Vesuvius-Somma Volcano, Bay of Naples, Italy
Vesuvius Mt. is a relatively young stratovolcano, which originated from an older volcanic complex of Somma. This complex rose up from the alluvial plateau of the Bay of Naples some 12,000 years ago and reached the height of about 1,000 m. At present, the Vesuvius–Somma complex covers an area of 480 km2. A number of parasite craters have been evidenced, scattered on the outer slopes of the Somma Mt., in the last three millennia, ejecting tephrite and trachyte lava streams. After a strong eruption in AD 79, a new crater – Vesuvius (49°49′N, 14°26′E) – sprang up in the Somma's largest caldera. Mount Vesuvius was regarded by the Romans as being devoted to the hero and demigod Hercules and the town of Herculaneum, built at its base, was named after him.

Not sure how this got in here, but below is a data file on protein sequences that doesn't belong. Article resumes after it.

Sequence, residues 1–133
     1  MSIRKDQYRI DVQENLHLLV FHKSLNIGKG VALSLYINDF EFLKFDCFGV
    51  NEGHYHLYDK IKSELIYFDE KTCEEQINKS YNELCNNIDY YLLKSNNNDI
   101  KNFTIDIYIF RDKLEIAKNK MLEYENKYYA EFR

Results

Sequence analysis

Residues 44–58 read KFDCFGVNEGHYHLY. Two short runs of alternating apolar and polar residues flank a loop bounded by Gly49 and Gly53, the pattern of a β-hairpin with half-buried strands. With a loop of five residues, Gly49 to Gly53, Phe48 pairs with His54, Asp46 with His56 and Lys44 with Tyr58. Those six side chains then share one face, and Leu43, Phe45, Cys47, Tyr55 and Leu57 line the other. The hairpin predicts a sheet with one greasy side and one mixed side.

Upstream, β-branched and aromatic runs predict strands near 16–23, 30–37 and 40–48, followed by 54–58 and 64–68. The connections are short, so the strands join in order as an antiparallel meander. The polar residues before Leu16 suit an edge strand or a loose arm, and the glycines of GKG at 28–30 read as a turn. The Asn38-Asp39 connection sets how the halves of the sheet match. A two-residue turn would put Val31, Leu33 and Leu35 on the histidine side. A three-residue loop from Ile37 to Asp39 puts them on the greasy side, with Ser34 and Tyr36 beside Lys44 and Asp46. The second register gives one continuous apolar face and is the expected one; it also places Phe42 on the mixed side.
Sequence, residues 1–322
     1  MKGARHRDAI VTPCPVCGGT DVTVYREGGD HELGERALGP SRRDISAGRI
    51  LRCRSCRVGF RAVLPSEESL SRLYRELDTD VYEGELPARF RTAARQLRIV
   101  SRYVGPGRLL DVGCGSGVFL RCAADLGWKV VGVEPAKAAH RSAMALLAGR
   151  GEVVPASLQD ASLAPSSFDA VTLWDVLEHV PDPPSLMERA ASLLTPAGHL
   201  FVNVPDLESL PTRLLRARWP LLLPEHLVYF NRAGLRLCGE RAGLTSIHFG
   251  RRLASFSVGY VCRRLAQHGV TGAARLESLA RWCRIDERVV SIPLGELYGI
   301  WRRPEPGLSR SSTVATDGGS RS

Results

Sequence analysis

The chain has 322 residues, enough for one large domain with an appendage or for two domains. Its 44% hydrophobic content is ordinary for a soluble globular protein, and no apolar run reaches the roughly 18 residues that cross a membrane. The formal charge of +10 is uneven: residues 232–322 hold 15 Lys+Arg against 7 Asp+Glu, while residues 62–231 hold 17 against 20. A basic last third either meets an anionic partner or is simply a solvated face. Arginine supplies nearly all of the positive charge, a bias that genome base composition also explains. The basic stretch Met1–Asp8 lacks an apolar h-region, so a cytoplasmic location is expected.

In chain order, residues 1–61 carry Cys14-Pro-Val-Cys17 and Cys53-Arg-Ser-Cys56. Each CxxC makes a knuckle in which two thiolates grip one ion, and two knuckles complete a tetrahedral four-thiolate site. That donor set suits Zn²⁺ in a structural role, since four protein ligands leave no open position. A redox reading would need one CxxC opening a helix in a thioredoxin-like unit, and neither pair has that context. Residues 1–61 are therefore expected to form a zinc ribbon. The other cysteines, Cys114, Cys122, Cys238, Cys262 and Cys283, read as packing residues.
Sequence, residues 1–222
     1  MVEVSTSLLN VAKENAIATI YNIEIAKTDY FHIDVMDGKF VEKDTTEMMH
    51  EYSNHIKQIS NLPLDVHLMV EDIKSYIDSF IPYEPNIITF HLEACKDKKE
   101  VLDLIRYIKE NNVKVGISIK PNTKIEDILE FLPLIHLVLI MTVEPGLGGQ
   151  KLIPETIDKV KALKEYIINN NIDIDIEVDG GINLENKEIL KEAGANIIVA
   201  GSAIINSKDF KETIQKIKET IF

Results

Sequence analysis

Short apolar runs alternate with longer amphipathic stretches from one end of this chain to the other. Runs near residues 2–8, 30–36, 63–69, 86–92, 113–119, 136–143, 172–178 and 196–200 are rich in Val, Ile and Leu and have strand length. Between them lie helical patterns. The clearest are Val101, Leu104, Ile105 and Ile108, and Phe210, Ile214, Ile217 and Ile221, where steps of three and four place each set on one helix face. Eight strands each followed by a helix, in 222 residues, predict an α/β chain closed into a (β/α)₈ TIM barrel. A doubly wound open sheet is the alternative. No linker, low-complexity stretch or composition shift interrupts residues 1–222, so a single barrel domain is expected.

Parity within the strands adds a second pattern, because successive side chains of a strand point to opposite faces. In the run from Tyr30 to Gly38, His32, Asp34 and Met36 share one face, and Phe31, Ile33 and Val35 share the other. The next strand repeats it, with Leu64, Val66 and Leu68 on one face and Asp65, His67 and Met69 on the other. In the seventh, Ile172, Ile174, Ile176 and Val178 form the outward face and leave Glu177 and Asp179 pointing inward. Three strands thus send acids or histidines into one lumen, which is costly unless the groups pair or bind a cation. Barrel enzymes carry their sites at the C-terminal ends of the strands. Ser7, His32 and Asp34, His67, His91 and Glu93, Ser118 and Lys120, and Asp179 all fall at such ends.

Vesuvius is located on the coast of the Bay of Naples, about 9 km east of Napoli (= Naples), in a short distance from the shore. Its cone is conspicuous in the beautiful surrounding landscape, when seen from the sea with Naples in the foreground. Mount Vesuvius is the only volcano in the European mainland that has erupted within the last 100 years. The two other active volcanoes in Italy (Etna and Stromboli) are located on islands. Vesuvius is best known for its eruption that caused destruction of the Roman cities of Pompeii and Herculaneum. It has erupted many times since then; however, today's Vesuvius activities are reduced to little more than steam emanations from vents at the bottom of the crater. Nevertheless, because of the population of about three million people living close to Vesuvius and its hardly predictable tendency toward explosive eruptions, the volcano must be regarded as one of the most dangerous in Europe.
KeywordsPrivate Collection Outer Slope Secondary Crater Crater Shape Main Crater
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